Critical Human Dimensions of Maritime Oil Spills – As Examined through Investigation of the Selendang Ayu Incident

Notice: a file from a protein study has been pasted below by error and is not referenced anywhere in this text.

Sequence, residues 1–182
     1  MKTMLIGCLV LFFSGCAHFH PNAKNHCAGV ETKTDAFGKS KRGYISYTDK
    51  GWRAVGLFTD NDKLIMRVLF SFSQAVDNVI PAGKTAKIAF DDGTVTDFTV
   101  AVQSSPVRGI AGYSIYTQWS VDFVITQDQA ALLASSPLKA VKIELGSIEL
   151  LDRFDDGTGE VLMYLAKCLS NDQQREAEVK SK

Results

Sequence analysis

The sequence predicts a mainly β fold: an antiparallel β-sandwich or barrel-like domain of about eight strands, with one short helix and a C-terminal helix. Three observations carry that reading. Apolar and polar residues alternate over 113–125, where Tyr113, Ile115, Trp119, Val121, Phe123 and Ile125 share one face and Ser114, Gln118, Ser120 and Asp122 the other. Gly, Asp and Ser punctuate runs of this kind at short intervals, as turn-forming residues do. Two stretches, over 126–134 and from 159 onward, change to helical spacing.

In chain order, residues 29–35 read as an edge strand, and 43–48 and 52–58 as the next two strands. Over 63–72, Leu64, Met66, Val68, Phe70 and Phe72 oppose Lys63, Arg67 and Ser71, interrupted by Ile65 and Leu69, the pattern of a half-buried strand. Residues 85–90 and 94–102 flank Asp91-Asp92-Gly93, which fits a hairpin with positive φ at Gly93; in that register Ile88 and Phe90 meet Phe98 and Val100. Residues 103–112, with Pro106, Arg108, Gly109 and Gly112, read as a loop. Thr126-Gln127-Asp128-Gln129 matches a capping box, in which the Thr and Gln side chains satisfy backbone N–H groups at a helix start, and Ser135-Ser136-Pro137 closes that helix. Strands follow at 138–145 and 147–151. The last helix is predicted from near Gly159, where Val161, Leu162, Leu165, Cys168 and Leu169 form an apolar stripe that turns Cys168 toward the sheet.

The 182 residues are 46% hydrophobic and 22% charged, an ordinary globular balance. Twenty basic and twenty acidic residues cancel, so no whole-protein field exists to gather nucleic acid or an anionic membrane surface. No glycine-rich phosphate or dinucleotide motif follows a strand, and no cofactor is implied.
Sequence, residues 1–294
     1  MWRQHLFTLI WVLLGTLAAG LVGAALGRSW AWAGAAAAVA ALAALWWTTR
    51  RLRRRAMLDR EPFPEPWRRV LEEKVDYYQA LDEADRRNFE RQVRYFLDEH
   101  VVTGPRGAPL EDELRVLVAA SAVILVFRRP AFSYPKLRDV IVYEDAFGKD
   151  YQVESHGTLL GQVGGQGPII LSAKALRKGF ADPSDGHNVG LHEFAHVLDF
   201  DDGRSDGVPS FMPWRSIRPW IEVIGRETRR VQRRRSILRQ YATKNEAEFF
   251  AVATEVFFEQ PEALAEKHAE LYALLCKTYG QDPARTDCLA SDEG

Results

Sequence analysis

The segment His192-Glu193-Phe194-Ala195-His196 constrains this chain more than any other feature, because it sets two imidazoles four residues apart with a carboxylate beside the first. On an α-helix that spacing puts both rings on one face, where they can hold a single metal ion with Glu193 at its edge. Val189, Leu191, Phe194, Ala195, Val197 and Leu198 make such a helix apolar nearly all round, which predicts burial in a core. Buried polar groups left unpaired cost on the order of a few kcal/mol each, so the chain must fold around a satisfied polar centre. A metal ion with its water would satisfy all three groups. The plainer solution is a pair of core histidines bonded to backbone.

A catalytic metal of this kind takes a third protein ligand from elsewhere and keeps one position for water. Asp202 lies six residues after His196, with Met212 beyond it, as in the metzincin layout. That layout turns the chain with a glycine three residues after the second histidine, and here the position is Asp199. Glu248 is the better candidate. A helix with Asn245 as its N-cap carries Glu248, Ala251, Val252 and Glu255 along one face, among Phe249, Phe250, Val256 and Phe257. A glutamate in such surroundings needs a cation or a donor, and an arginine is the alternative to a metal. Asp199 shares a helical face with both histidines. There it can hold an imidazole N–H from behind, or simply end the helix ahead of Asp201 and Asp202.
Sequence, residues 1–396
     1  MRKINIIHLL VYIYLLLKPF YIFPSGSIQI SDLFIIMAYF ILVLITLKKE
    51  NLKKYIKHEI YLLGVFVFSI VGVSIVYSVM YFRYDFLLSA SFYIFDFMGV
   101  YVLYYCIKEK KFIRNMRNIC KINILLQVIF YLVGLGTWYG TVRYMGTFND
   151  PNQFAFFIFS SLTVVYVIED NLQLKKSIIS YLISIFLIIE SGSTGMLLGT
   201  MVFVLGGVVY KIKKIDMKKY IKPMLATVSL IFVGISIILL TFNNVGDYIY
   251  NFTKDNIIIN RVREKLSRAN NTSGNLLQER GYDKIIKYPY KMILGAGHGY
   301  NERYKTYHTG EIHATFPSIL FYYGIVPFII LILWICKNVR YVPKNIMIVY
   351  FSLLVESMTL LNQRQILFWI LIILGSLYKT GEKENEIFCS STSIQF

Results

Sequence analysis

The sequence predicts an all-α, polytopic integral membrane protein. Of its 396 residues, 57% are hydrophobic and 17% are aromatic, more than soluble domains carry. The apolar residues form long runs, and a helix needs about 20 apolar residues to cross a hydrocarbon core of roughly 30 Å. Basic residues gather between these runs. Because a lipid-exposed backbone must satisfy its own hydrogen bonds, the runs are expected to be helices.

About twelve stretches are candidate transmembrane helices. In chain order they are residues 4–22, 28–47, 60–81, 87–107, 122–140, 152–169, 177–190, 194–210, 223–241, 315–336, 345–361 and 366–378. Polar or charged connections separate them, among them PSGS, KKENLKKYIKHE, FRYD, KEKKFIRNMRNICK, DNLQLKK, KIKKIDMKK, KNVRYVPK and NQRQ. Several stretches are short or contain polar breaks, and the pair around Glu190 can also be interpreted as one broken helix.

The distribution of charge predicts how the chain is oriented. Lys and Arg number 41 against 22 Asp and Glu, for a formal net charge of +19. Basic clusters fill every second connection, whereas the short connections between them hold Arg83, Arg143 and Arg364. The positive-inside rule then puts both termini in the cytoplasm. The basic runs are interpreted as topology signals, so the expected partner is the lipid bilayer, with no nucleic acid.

This report describes the results of a BOEM-funded ethnographic study of Alaska’s second largest maritime oil spill– that of the Malaysian-flagged freighter, the Selendang Ayu. Because the human effects of significant maritime oil spills tend to manifest not only in the near-term but also years after the initial spillage and response, this study underscores the utility of examining social and economic aspects of such events over the course of time. A variety of human dimensions are described and analyzed, including: the grounding of the freighter, the resulting spill of fuel oil and cargo, the nature of the formal response effort and associated costs, resolution and adjudication of criminal and civil violations, and select sociocultural and economic effects observed over time. Findings are based on data gathered through four ethnographic field visits to Unalaska following the accident; ongoing research interaction with public officials involved in spill response and damage assessment; archival research; and real-time monitoring of the event and its long-term outcomes. Research findings were disseminated in one technical report.